You were talking about ISIS in Maldives. But you were in alliance with the Adaalath Party, which is a fundamentalist party.

When we were younger Wahhabism was extreme, and now Wahhabism is more mainstream and the Salafists are the extreme. It’s shifting, and we would like to see how far we can work with them. I think working with them and including them in the mainstream fold, and differentiating these other extreme views is useful.

I think we must understand we are not of the same ideology, there are areas where we depart, but I think for this period in time we must work together.

What’s your role now? You said you would be going back but at the moment you would face clearly jail.

I don’t know if I would be taken to prison but apparently I do have a prison sentence on me. The Supreme Court has annulled it and released it on February 1 , and then the government has turned it around, and it has taken so many twist and turns. But seriously I can’t see why President Yameen should arrest me if I go back home.

I would argue the other way: there is no way that he wouldn’t.

I am not going to have a fistfight with him. I do not want conflict, and I think we must amicably resolve issues. I think President Yameen must listen to us and he must abide by the Supreme Court judgment and sit down and talk to us. He must release the people. Look, you get tired of being the strong man.

President Gayoom was an autocratic leader who imprisoned you and other people. Now he is coming to your side. To me that’s very strange. How do you see that?

Again I have to say that our society is very much in transition from feudalism to pluralism. President Gayoom, myself, and every single opposition leader as well, every single businessman, and every single person in our society has learnt so much in the last 10-15 years, that other societies probably go through in a century. We have commonality, which is pluralistic democracy. It’s in President Gayoom’s interest to have strong political parties, and in our interest to have a strong political party in the Maldives. So we have enough common ground to work on.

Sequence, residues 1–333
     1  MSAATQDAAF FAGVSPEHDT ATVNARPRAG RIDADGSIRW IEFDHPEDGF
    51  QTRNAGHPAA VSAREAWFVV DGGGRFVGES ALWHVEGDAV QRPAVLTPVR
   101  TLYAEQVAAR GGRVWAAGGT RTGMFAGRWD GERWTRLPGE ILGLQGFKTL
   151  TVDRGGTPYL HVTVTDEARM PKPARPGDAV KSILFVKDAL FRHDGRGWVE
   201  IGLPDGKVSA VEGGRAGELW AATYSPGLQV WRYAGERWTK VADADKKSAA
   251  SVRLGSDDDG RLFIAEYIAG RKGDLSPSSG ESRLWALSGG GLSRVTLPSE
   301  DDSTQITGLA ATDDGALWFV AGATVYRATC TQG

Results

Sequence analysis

You were saying before that history repeats. I do see some similarities between now and 2008. You were in exile then and you had to come back at certain moment, without knowing if you would wind up with imprisonment or the presidency. You face the same situation now again.

Yes, but with whole set of different variables. Now we have a solid political party, we have a parliamentary majority, and fortunately we very much focused on building our own political party. So we have the whole campaigning structure completely in place, and we had won the local council elections overwhelmingly in the last local council elections. We form a [majority in] almost every single atoll council, and in all the cities we have absolute majority.

You have a majority now in the parliament, you won local elections, and you think you wouldn’t be put in prison if you go back. So why you are not going?

I think my party is not completely allowing me to do that yet. They want to make sure that things are in place. And also I have my daughter’s O level exams in May, and I promised her that I’ll be around until she does her exams.

So we can say that until May you are not going?

I’ll do that for her. I’ll stick around; I must. Unless we have another agreement.

You are committed to go back?

I will go back. I can’t live my rest of life in exile. I refuse to do that. Whatever the odds I’ll go back.

While Mr. Yameen is still in power, or would you wait for his departure?

There are two views to this. One, President Yameen must go and then we should have an interim arrangement that takes us to the presidential elections. President Yameen is resisting that, probably because he is unclear on where he would land after he goes. Now my view is that he must be able to seek election, be part of the next elections. One lesson that we have learnt in the Maldives’ politics in the last 20 years is no one is irrelevant. Everyone is relevant.

So you would be positive about Mr. Yameen running in the next elections, if you were allowed to as well.

I would like to beat him badly.

You think you would?

Absolutely would beat him.

Is it for legitimacy purposes?

No, I think he must see the democratic process. How this kind of human right abuses, over running the constitution, etc affects your constituency. He must understand these things, that it’s not fashionable to be a populist.

Aaquib Khan is a freelance journalist based in Mumbai, India. Follow him on Twitter: @kaqibb